The first special issue of the Journal for the History of Knowledge is here: “Histories of Bureaucratic Knowledge”, with guest editors Sebastian Felten and Christine von Oertzen.
In the introduction the editors explain the overall approach taken in this special issue.
‘It is the collective result of a working group of historians who focus on very different periods and regions, such as the medieval Latin West, Spanish America, Qing China, and the Ottoman Empire. We show, firstly, how bureaucracy has worked as a term of critique and how, in fin-de-siècle Europe, it became an analytical concept used for world-historical comparison with a strong Western bias. Against this background, we then develop our group’s new approach to analyzing bureaucratic procedures as knowledge processes, a method we term “bureaucracy as knowledge.” This approach builds on the history of science and technology and aims to recover actors’ ways of organizing social and material worlds rather than judge them by modernist, Western standards. Third, we discuss if there is such a thing as “bureaucratic knowledge” sui generis and, based on the experience of our authors, suggest ways of studying plural knowledges that cut across different domains. Finally, we argue that historical bureaucracies merit close investigation because they have demonstrated the power to both make and break social and material worlds. The approach proposed in this issue can therefore help make better sense of the dynamics by which bureaucracies exert such power in situations otherwise studied by political, cultural, and social historians.’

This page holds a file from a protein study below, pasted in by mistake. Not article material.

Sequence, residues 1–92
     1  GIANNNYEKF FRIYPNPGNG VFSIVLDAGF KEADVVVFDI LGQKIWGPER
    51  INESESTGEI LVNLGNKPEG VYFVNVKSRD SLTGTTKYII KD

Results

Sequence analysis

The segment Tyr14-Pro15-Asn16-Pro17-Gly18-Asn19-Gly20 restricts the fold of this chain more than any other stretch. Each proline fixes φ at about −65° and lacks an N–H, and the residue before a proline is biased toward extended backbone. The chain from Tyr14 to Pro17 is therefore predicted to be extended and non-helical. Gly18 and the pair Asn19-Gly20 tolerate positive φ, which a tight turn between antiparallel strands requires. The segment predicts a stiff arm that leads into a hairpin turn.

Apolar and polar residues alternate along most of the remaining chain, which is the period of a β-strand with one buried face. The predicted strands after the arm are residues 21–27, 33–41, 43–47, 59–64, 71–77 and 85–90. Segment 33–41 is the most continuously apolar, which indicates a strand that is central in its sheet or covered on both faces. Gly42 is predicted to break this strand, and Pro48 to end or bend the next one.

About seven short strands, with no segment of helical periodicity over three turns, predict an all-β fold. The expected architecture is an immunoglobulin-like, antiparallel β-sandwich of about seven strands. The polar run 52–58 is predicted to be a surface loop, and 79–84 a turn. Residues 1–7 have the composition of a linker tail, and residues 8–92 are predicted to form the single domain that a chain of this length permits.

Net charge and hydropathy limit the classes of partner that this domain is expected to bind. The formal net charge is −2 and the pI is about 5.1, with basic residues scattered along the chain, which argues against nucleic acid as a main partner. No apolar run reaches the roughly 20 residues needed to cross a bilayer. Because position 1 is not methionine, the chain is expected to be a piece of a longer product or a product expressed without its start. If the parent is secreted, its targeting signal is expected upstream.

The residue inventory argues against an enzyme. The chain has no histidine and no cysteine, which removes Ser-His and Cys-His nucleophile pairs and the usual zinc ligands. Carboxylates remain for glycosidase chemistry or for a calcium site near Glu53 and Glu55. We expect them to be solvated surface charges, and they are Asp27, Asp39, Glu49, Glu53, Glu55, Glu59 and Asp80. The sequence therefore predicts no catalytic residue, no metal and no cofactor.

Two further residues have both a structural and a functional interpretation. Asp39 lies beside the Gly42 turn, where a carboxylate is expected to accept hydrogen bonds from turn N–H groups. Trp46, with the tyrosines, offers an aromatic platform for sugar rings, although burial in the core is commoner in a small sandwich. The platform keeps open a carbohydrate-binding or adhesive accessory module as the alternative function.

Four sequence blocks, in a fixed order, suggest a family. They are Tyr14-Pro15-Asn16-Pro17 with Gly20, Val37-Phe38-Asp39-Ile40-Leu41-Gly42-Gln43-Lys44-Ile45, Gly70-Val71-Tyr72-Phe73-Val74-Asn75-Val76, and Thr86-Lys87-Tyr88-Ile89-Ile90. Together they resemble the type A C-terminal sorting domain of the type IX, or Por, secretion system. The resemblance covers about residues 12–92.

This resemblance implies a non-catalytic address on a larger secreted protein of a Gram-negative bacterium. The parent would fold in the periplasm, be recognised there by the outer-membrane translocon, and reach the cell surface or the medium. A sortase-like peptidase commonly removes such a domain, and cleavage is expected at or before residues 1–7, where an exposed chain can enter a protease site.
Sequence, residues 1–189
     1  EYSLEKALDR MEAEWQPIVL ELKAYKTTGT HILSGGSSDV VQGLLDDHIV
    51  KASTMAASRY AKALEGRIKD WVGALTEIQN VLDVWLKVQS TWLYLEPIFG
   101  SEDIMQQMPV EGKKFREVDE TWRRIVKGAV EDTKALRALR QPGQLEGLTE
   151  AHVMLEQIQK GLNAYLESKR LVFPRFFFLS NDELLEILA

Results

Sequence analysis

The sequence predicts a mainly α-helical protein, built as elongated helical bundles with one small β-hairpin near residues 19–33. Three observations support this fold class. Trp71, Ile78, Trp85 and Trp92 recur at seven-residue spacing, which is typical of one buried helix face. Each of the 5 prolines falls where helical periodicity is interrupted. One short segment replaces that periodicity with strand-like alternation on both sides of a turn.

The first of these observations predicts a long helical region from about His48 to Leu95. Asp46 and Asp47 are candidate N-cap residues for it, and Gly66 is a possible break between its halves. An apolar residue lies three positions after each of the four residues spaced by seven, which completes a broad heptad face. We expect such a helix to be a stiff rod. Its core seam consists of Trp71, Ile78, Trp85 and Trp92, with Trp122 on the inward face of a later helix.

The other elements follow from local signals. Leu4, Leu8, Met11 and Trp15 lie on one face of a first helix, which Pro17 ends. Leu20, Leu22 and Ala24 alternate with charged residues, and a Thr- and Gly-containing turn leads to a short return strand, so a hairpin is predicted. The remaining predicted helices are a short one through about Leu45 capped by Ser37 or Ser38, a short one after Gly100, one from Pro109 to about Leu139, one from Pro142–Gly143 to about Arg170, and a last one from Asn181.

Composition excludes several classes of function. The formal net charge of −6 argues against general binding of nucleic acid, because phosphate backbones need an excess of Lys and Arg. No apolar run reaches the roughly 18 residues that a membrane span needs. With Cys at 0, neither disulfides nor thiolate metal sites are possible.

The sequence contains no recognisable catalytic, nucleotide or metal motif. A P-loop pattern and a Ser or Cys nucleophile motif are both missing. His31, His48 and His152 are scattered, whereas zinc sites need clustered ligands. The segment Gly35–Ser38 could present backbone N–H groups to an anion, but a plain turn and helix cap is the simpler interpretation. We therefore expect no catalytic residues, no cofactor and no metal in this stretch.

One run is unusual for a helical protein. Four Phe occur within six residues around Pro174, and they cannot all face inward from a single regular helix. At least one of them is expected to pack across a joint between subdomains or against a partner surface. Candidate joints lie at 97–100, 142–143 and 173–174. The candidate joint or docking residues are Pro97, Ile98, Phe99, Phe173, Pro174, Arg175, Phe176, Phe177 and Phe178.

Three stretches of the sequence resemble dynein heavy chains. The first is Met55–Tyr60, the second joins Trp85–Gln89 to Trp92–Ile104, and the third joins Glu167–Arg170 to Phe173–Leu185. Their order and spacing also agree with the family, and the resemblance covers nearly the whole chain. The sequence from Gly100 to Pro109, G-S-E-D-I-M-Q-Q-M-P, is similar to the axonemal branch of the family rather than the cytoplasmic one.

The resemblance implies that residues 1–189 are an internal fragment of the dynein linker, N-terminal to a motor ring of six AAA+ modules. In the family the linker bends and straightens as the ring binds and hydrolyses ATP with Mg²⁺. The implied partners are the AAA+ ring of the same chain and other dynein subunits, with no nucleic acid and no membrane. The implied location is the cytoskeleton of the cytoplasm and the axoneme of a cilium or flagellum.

Image: Kantoorbediende, Herman Heijenbrock (possibly), 1875 – 1925. Rijksmuseum, Amsterdam (www.rijksmuseum.nl)